The mobile power market today is growing. Unfortunately, the area under the vocational vehicle is not. In fact, it seems to be shrinking more and more each year.
This is not intended to make it more difficult for the up fitters or power take-off (PTO) equipment manufactures. It is an unintended consequence as chassis manufacturers seek to reduce weight and size in an effort to improve the truck's overall fuel efficiency.
The challenge for the mobile power industry is to quickly adapt to current designs and shrinking space under the truck. However, there are a few ways that the mobile power industry can deal with the shrinking space available for area. Those areas are component size, overall system layout, and new product size.
Let's take a look at the vehicle itself. It is easy to see why there is not a lot of room under the truck. In addition, there is little to no room above the frame rails. The more compact the space, the smaller the equipment needs to get.
One way we have worked around the compact space issue is by changing location. We have found ways to lower the equipment or move the equipment to an alternative location. For example, PTOs now have extended shafts. This has allowed the PTO to be mounted to the transmission aperture just like before, but with the output shaft extending back toward the rear axle where there is more room to attach a pump or motor.
Other solutions combine the PTO with a gear box that lowers the output shaft just enough so other mobile power equipment can mount and function. These solutions and others not yet available have one thing in common. They separate the equipment, in turn requiring the system to be laid out in a new configuration.
The system configurations associated with this approach typically require a longer wiring harness, longer hoses, and brackets to support the spread out equipment. Probably the toughest portion of the system layout is routing of everything safely. Not that this task has ever been easy, but it is challenging. A common issue encountered is wires shorting due to the close proximity to hot components and exhaust systems. Also wires wear if not secured properly. Care must be taken to avoid those problems. Heat shields are a good method to reduce this problem, but one more thing to attach.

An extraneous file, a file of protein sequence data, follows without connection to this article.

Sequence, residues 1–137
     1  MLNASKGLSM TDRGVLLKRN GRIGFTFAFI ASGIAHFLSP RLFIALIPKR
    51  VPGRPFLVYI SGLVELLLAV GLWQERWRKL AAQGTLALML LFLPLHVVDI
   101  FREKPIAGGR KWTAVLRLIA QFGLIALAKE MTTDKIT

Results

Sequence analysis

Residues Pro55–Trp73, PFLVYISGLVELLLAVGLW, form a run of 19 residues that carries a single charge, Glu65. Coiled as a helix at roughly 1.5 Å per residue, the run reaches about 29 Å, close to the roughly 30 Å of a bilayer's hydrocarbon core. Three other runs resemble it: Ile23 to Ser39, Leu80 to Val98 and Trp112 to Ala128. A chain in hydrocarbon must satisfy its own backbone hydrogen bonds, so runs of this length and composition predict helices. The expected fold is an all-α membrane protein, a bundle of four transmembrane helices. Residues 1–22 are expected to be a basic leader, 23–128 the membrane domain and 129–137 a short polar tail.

Air and hydraulic hose routing is another area to be careful with. Hoses running in unconventional places are an important issue to grasp. With these uncommon routings, they need to be secured properly. They need to be snug in place to reduce fretting and wear on the outside surface. Also, if not secure and they are supported too far apart, they can fatigue at or near the fitting. Once these issues are appropriately addressed, the mobile equipment should last a long time.
The size of the equipment is a major issue. Size and weight need to shrink, but the horsepower needs to stay the same. Manufacturers of mobile hydraulic equipment are addressing these issues with new lightweight materials, part integration, and compact, tighter designs. These ideas are in process and in testing. Field application and debugging continue as well. We continue to work closely with the major vehicle manufacturers. Working closely with key players is the key to staying on top of the challenge of a shrinking volume under the truck.
As vocational vehicles get smaller and more compact (see fig. # 2), the mobile power market will need to react. The days of grabbing anything off the shelf are diminishing. The attitude of just make it work is going away. This is good news. Systems will need to be designed for particular applications. This will drive innovation and also force equipment manufactures to engineer and design more power dense products.
Efficiency is the key to our future and the long-term success in the market. Improving fuel efficiency is the growth industry for the next 50 years. The team who engineers the best, lightweight and efficient system will win. To the winner go the spoils. Good luck!